Schoolgirl keeps dead newborn in bag for 17 hours
In an appalling incident, a 16-year-old Malaysian schoolgirl kept a classmate`s schoolbag for 17 hours without realising that there was a dead newborn inside.
Kuala Lumpur: In an appalling incident, a 16-year-old Malaysian schoolgirl kept a classmate`s schoolbag for 17 hours without realising that there was a dead newborn inside.
The classmate was handed the bag by the girl shortly after giving birth to the baby girl in the school.
Doctors in Kuala Terengganu found out about the birth when the girl sought medical treatment complaining of abdominal pains, leading to her confession that she had put the dead infant in a school bag and given it to her friend.
"They found the dead baby girl in the bag. The friend was traumatised when she learned that she had been carrying around a bag containing a dead baby," ACP Manoharan told reporters, adding that the post-mortem showed the baby was successfully delivered, but suffered bruises on the head and had water in the lungs which led to her death.
Malaysia has seen an increase in the number of baby dumping cases recently. After dropping from 102 cases in 2008 to 79 in 2009, the figure of baby dumping increased to 91 in 2010 and to 98 in 2011.
This year, so far 31 cases have been reported, Women, Family and Community Development Ministry deputy secretary-general Harjeet Singh said here.
Concerned at the increase in such cases, he said that the rise in numbers could be due to more reports being made and society becoming aware of the scourge.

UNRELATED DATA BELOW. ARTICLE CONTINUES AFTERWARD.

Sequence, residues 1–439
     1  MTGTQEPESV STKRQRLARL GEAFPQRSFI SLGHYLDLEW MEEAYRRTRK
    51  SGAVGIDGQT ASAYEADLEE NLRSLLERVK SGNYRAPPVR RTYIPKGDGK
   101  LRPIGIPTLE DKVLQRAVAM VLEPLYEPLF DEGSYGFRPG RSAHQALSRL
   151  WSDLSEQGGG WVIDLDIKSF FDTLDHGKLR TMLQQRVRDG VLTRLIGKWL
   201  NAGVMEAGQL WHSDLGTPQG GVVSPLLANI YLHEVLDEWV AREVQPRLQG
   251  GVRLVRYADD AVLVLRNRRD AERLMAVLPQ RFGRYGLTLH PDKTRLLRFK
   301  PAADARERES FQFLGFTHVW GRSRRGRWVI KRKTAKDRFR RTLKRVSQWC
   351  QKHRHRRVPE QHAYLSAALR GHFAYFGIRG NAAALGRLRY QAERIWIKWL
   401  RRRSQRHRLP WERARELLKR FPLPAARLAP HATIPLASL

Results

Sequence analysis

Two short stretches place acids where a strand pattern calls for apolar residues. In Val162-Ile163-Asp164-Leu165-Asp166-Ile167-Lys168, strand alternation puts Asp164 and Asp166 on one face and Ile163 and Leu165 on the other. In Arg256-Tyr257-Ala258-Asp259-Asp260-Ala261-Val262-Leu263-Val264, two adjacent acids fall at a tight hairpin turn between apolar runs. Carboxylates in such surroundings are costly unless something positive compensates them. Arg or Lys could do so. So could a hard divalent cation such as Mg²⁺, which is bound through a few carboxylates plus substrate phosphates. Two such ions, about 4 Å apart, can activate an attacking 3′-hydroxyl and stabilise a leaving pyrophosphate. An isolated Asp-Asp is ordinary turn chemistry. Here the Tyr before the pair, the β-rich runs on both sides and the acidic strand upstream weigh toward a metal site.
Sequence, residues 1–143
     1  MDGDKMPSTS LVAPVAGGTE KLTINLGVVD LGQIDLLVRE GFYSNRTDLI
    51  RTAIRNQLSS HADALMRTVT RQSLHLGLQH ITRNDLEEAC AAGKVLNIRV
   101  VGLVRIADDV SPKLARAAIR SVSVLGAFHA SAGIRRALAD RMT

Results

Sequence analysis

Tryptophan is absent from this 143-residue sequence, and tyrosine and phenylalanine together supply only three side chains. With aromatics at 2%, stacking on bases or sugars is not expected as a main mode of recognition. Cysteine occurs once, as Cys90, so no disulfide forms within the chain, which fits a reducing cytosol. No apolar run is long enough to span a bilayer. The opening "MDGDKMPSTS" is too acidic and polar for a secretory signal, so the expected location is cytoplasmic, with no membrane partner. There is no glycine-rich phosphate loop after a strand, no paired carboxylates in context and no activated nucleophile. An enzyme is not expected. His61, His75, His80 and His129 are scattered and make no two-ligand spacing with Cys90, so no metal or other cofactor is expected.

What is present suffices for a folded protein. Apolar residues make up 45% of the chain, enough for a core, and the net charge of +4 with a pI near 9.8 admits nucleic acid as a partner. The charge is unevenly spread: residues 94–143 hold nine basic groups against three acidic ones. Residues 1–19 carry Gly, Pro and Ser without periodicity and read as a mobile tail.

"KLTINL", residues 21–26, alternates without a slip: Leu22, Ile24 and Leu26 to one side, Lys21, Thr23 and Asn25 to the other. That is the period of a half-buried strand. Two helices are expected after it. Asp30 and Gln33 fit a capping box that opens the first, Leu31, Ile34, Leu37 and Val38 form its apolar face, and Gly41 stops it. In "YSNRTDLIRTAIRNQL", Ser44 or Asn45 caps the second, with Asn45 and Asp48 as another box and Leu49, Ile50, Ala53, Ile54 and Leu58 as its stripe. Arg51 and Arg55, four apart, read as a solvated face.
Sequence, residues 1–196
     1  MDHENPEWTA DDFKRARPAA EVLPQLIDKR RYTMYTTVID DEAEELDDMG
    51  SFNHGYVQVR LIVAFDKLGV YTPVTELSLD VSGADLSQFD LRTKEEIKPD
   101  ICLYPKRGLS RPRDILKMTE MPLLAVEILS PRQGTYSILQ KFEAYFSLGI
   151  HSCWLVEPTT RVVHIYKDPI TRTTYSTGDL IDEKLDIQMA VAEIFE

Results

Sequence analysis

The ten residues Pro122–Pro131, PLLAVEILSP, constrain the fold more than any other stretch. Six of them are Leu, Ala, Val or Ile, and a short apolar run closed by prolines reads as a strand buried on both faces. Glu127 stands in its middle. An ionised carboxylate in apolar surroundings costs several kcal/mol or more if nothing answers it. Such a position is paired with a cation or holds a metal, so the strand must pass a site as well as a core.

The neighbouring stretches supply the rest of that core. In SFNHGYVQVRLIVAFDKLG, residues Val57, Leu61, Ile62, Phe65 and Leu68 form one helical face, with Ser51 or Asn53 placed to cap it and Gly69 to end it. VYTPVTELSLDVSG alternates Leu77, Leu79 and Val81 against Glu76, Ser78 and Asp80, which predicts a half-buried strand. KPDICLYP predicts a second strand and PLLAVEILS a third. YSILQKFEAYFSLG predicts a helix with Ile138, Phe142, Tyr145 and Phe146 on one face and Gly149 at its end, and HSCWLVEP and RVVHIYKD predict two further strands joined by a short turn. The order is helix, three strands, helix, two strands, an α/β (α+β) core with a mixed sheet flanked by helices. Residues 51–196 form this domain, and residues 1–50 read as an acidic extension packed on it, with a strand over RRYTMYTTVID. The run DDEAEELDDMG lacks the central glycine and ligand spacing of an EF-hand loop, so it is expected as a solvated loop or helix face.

Feedback from counselling sessions and case studies at several shelter homes for those aged under 18 listed peer pressure and lack of knowledge about reproductive health as the two most important factors that led to unwanted pregnancies, he said.
"The desire to fit in influenced many teenagers into adopting the lifestyle of their peers," he said after launching a "Say No to Baby Dumping" seminar here.
Singh said that teenagers mixed freely with little parental supervision these days.
He added that soon all government hospitals may be able to function as "hatches" for unwanted babies once a standard operating procedure was put in place.
Of the 31 cases of baby-dumping so far this year, 10 babies have survived while 19 died.
"The status of the remaining two babies has yet to be confirmed by the hospitals," Singh said.